When Wall Street analysts call Ford Motor Co.’s investor relations department these days, they’re likely to be greeted by Henry Ford himself.
It’s not the founder, of course, and it’s not a recording of him either. It’s Henry Ford III, the patriarch’s great-great grandson, who at age 39 has been thrust into the crucial role of liaison between the struggling automaker and its investors.
The III’s ascent -- along with that of his cousin, the 32-year-old Alexandra Ford English, just named to the board of electric-truck maker Rivian Automotive Inc. -- marks a coming of age for the fifth generation of the Ford dynasty. For all but 20 of its almost 117 years of existence, Ford has been led by a family member. And while critics lay much of the blame for the company’s current struggles on the Fords, the family sees Henry and Alexandra as their best hope of maintaining control for years to come.
“They have moved above the radar line now,” Jeffrey Sonnenfeld, associate dean at the Yale School of Management, said of the automotive heirs. “This is what they were destined for when they entered the company. When we look at their dads, they’re on the same trajectory, with at least one, if not both, ending up on the board.”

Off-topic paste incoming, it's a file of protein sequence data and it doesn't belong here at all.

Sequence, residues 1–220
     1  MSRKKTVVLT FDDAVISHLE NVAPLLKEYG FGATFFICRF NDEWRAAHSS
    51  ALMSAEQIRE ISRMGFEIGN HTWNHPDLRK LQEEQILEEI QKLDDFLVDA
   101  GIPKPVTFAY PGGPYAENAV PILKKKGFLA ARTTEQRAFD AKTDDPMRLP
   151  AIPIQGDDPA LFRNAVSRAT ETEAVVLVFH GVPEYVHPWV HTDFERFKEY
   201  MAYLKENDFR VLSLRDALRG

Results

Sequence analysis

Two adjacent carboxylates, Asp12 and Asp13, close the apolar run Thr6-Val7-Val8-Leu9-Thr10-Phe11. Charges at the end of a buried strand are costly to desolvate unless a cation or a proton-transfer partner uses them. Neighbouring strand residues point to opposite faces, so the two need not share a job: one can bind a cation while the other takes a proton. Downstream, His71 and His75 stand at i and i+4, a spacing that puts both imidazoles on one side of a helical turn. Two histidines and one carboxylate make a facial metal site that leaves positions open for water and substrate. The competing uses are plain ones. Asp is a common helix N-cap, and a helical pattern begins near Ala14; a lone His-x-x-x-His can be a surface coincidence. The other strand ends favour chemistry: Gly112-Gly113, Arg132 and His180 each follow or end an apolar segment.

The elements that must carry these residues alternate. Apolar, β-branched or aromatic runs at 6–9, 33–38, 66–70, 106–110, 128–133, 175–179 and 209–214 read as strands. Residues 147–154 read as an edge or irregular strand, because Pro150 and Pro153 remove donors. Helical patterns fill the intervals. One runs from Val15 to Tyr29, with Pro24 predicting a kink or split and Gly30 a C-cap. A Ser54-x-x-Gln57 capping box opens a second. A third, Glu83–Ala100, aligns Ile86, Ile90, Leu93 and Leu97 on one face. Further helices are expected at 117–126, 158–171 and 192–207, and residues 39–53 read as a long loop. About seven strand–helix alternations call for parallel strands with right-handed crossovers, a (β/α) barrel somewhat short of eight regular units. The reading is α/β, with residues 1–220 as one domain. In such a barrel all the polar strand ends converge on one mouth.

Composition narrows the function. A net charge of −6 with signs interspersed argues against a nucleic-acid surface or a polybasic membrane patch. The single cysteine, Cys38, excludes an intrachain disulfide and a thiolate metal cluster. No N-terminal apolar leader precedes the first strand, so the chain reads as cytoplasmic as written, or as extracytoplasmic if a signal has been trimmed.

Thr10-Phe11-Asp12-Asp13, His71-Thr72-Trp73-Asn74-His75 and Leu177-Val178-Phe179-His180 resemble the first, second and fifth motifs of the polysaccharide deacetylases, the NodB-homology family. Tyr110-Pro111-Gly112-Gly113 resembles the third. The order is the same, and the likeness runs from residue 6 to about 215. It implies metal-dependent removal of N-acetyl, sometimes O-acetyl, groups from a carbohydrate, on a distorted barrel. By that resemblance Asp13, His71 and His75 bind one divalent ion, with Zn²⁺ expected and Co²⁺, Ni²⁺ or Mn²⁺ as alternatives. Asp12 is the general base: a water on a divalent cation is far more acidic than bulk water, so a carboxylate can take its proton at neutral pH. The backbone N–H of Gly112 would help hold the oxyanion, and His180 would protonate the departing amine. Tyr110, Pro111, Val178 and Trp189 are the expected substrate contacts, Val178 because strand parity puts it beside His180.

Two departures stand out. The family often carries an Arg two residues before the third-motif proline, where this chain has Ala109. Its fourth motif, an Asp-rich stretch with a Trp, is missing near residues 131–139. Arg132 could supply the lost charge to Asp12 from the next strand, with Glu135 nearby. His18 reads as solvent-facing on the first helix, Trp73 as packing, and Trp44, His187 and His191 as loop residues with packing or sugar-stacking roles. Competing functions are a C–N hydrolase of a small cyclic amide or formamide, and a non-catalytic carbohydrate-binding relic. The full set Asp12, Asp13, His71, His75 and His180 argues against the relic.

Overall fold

The changes come as the company endures another crisis, with losses mounting and North American factories idled in the face of coronavirus shutdowns. But as Ford held its annual shareholders meeting Thursday, the founding family remains firmly in control, aided by a special class of stock that gives them 40 percent voting power.
The meeting, held virtually since 2017, again included a proposal to remove the Ford family's special class of shares. It again failed, although the measure received 35.1 percent of voters' support, up slightly from the 34.3 percent of support it received in 2019. Some investors have long complained that super-power voting weighs down the value of publicly traded companies, while giving founding families sometimes unwarranted control.
“That’s why we don’t have kings and queens anymore -- it’s a roll of the genetic dice,” said Nell Minow, vice chair with ValueEdge Advisors, a shareholder advocacy firm. “We’ve seen in companies like Motorola and Anheuser Busch that it hasn’t worked out to continue to pass the baton from generation to generation.”
Since Bill Ford became chairman in 1999, the automaker’s shares are down 91 percent, while the S&P 500 index is up 129 percent. Unlike General Motors and Chrysler, however, Ford avoided bankruptcy in 2009.